If you feel uncomfortable in your body it is not an indication that you need to change what you eat or how you exercise. In fact this is the opposite of what you need to do. Sure, for the first few days maybe losing a couple of pounds will feel great, and perhaps it will seem like a confidence boost if your jeans fit a bit better, but it won’t last. This is not real joy. Restricting your intake means restricting your life, because that donut you ate with your friend yesterday was a memory made rather than a moment survived. Maybe then you’re thinking “Sure… I’ll keep up the coffee dates then, but I’ll just eat less when I’m alone at home?”, but that won’t work either. Like I said before, dieting is a trap, and it can quickly become an obsession. Compensating around food or special occasions only leads to you building them up in your head and being disappointed when they don’t meet your expectations. It will leave far less space in your head to think about the important things such as work, or to hold conversations with your friends because your brain will be busy thinking about food. You’ll be hungry and miserable, and feeling this way can become very isolating, very quickly. Disordered eating and Eating Disorders affect so many people across the world, and you are not immune no matter what you might think. You may have survived a diet in the past but that does not mean you’ll survive the next one (It also means it didn’t work so why are you putting your faith in it again!?). Reducing your calorie intake, increasing your exercise regime, or just eating healthier, can quite easily become obsessions, because the people pointing us towards them designed them to be so.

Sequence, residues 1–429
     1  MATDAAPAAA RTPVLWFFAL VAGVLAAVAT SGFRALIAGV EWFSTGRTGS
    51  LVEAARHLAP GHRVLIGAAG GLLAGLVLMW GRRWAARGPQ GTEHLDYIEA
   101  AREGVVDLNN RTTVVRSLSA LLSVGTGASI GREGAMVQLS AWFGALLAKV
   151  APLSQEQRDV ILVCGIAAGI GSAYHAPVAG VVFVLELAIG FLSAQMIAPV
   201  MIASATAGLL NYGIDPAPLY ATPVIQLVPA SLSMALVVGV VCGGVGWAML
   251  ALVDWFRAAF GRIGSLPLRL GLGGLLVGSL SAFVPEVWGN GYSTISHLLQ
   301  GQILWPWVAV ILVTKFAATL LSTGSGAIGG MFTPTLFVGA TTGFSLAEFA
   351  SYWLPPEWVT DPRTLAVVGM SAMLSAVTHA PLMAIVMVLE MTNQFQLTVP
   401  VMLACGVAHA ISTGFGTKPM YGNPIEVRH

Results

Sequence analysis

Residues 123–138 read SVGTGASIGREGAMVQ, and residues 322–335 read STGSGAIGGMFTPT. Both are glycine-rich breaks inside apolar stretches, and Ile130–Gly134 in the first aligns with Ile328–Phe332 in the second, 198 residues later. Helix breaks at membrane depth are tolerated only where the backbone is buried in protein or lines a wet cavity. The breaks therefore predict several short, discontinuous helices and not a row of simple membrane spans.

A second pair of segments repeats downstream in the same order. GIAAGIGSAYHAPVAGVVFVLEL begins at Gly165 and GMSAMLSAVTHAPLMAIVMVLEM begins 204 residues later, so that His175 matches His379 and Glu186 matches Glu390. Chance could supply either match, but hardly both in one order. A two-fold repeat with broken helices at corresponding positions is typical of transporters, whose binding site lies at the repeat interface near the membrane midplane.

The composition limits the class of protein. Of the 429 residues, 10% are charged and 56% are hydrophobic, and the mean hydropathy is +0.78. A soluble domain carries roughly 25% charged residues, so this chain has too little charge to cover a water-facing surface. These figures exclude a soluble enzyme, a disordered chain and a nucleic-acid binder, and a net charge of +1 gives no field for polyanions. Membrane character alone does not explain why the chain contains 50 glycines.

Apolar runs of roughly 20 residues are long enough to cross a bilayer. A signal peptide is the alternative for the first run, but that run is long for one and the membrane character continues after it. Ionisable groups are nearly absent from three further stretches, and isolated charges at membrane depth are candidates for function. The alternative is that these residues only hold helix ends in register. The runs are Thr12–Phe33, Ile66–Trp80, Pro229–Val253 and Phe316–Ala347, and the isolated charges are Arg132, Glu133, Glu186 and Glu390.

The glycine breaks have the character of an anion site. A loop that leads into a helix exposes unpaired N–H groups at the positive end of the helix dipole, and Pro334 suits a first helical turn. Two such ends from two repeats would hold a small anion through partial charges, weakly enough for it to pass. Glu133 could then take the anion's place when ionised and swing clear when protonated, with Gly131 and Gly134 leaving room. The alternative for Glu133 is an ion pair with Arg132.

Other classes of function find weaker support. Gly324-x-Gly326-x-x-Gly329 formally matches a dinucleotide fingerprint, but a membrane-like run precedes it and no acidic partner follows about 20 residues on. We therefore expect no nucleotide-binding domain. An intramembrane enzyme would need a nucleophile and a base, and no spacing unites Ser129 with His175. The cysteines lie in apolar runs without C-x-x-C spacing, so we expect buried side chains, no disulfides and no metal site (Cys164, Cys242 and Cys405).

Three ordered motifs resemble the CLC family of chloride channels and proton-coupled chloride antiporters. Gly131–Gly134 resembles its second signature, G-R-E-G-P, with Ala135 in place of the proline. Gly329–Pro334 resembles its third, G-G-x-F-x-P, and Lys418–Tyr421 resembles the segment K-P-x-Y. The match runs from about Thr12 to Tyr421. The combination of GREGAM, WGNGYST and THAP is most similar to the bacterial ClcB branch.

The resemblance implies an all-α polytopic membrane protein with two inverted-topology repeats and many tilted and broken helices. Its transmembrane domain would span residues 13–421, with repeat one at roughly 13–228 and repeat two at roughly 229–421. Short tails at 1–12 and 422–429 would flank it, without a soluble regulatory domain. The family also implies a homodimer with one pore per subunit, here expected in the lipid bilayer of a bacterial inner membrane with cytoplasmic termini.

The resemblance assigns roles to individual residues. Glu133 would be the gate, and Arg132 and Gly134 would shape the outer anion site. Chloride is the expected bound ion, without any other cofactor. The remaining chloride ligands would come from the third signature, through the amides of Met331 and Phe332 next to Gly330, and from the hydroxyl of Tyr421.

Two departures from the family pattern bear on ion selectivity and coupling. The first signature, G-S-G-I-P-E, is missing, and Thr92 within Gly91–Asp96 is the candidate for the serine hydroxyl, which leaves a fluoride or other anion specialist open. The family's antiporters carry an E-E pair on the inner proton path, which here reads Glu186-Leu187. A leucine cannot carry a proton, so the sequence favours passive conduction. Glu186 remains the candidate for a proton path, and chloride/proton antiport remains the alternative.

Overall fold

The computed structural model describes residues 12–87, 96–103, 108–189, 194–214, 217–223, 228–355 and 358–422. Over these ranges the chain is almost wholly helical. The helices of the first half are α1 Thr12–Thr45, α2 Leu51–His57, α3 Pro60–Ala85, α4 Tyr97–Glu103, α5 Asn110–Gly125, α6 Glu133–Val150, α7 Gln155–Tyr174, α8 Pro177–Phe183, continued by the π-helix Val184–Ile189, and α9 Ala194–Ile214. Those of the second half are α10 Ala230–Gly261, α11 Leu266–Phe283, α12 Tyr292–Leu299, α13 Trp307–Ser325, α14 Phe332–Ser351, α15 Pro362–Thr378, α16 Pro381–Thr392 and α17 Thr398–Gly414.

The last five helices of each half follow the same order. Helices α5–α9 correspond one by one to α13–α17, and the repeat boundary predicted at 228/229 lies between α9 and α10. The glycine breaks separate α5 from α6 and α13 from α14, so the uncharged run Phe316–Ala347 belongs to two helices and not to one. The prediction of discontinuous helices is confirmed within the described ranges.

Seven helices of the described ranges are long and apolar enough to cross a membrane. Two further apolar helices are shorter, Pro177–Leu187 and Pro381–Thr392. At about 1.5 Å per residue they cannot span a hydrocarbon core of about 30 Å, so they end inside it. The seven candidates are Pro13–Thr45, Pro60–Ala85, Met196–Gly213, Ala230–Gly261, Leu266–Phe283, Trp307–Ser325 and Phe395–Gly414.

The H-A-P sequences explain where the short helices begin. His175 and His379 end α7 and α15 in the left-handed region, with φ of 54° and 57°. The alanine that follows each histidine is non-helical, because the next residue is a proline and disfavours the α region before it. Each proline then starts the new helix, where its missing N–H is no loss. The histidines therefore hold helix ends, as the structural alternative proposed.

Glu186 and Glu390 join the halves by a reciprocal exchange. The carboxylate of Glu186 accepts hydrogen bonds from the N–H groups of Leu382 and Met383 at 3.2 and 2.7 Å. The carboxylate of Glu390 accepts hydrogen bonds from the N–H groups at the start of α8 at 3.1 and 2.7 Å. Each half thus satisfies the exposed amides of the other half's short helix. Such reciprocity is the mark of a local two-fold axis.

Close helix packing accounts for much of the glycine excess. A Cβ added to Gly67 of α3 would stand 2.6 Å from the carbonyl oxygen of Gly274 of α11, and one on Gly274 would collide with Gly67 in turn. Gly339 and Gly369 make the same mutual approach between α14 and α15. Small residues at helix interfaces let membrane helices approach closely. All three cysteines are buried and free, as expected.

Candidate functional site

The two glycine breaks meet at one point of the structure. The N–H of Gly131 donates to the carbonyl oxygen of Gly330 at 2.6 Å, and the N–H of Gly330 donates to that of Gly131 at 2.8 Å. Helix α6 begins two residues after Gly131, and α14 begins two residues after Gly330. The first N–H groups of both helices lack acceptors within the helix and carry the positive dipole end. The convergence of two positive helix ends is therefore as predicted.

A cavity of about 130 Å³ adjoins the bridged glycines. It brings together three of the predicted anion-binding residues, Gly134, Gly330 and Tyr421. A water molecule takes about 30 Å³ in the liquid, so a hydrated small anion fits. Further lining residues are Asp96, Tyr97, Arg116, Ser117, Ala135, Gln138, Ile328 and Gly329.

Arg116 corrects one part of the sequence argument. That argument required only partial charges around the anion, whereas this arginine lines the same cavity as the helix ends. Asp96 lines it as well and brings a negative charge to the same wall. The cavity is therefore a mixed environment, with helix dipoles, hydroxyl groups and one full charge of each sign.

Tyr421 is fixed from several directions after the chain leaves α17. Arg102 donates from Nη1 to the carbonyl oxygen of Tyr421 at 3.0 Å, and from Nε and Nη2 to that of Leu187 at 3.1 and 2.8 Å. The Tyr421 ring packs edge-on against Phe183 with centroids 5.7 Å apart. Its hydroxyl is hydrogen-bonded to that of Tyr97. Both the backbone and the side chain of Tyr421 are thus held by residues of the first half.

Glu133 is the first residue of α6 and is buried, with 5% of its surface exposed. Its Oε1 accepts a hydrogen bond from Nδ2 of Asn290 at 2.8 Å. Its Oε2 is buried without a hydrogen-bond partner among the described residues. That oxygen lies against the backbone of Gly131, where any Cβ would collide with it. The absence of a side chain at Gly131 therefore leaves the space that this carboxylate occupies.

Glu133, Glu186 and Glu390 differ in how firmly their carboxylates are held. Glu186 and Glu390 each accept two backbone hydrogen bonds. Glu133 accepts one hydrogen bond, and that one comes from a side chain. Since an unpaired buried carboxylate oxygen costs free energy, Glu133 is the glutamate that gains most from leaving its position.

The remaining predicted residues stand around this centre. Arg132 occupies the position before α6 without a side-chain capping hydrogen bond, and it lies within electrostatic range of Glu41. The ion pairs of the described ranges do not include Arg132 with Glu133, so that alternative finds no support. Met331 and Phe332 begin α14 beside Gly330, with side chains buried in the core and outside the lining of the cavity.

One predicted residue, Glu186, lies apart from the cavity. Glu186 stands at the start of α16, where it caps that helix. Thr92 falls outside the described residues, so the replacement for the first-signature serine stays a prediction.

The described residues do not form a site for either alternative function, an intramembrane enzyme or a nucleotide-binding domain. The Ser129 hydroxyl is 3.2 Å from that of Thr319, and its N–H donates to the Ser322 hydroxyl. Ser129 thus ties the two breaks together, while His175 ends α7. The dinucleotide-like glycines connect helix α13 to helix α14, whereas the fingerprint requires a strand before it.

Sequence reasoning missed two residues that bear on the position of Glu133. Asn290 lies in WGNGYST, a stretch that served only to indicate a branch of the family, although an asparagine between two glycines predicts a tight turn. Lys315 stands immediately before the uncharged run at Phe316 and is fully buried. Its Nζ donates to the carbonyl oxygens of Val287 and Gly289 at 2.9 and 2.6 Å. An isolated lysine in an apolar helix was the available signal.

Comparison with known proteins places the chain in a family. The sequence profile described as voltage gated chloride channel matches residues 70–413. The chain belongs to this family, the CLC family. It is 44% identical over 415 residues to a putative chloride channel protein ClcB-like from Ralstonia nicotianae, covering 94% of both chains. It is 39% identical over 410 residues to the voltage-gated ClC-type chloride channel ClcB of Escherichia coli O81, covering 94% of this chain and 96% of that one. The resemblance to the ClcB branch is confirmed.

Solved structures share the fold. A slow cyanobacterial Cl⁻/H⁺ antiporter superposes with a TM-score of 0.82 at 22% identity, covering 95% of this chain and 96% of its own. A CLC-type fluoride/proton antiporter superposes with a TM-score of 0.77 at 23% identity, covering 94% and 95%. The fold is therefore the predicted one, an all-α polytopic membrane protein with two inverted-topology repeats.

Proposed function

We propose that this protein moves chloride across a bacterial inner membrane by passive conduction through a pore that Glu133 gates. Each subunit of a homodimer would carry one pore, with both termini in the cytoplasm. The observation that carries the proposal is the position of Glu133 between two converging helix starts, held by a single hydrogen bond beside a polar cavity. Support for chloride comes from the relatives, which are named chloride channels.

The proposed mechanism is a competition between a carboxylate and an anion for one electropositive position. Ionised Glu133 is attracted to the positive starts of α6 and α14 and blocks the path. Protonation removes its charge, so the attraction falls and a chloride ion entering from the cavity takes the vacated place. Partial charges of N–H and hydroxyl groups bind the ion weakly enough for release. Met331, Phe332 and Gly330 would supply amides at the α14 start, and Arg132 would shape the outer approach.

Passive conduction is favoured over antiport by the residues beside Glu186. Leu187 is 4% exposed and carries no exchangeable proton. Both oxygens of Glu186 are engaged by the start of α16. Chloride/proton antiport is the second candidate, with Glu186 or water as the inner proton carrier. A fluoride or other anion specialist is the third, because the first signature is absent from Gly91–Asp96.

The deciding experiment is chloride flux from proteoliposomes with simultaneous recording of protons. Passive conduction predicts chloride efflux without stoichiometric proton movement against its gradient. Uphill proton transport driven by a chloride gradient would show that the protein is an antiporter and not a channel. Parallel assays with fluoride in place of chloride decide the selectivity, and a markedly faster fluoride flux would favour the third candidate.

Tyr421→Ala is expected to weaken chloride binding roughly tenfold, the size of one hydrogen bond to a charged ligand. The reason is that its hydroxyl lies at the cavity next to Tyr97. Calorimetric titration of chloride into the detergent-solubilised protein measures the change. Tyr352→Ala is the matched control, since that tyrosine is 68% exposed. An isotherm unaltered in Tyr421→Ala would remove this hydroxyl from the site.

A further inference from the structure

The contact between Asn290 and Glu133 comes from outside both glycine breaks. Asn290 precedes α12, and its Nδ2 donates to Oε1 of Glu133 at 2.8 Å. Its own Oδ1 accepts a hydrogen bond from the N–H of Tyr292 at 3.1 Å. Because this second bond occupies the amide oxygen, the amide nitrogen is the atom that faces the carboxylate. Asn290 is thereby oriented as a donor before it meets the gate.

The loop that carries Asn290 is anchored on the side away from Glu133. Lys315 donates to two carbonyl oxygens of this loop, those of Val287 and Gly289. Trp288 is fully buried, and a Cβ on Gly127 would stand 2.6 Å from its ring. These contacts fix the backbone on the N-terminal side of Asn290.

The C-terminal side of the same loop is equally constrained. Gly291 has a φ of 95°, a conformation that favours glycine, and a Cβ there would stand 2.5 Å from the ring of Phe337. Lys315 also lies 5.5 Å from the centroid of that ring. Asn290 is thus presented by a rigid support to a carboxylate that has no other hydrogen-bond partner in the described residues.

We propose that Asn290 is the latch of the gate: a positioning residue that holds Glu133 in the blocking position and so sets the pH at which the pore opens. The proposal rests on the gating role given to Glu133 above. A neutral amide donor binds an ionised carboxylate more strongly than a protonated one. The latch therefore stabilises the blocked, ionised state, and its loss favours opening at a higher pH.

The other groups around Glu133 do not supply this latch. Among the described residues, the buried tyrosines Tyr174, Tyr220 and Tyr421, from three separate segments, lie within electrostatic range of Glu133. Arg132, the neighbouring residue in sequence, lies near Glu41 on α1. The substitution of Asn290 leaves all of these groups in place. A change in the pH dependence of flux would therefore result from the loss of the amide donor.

So next time you contemplate defying your body in search of health do this instead:

  • Remember that your body knows best - You are flattering yourself if you think you know what it needs better than it does. It only wants to keep you safe, so trust it.

  • Throw out those old clothes that are too small. Your body changes because you change and so does your life, remember that clothes are supposed to fit you, not the other way around.

  • Check in with how you’re feeling - what is your body craving? Listening to your body does not mean you’re only ever going to want to eat cake, because referring back to my first point, it wants what’s best for you.

  • Step away from the mirror. Obsessive body checking is not going to make you feel good, ever. Your body is not something to hide and so sure, take a look at it for a couple of seconds before you step in the shower, but don’t waste yourself staring at it because it will only morphe into whatever shape you fear most the longer you stare at it. Bad body image is in your head, so you need to work on changing the way you think about yourself, not how you look.

  • Consider all the things your body allows you to do, and be grateful to it for that rather than reducing it down to a number.

  • Research ‘Health at Every Size’ (HAES), and educate yourself on what is a lie and what is the truth. (Spoiler alert: Pretty much everything diet culture has ever told you is false).

  • Finally, treat yourself with kindness. Run yourself a bath, read a good book, watch your favourite show and just try not to beat yourself up. You’re having a bad day, but it is not your body's fault, and punishing it will only keep you trapped in the cycle for longer.

More from me soon,

Mais // The Recovery Bean <3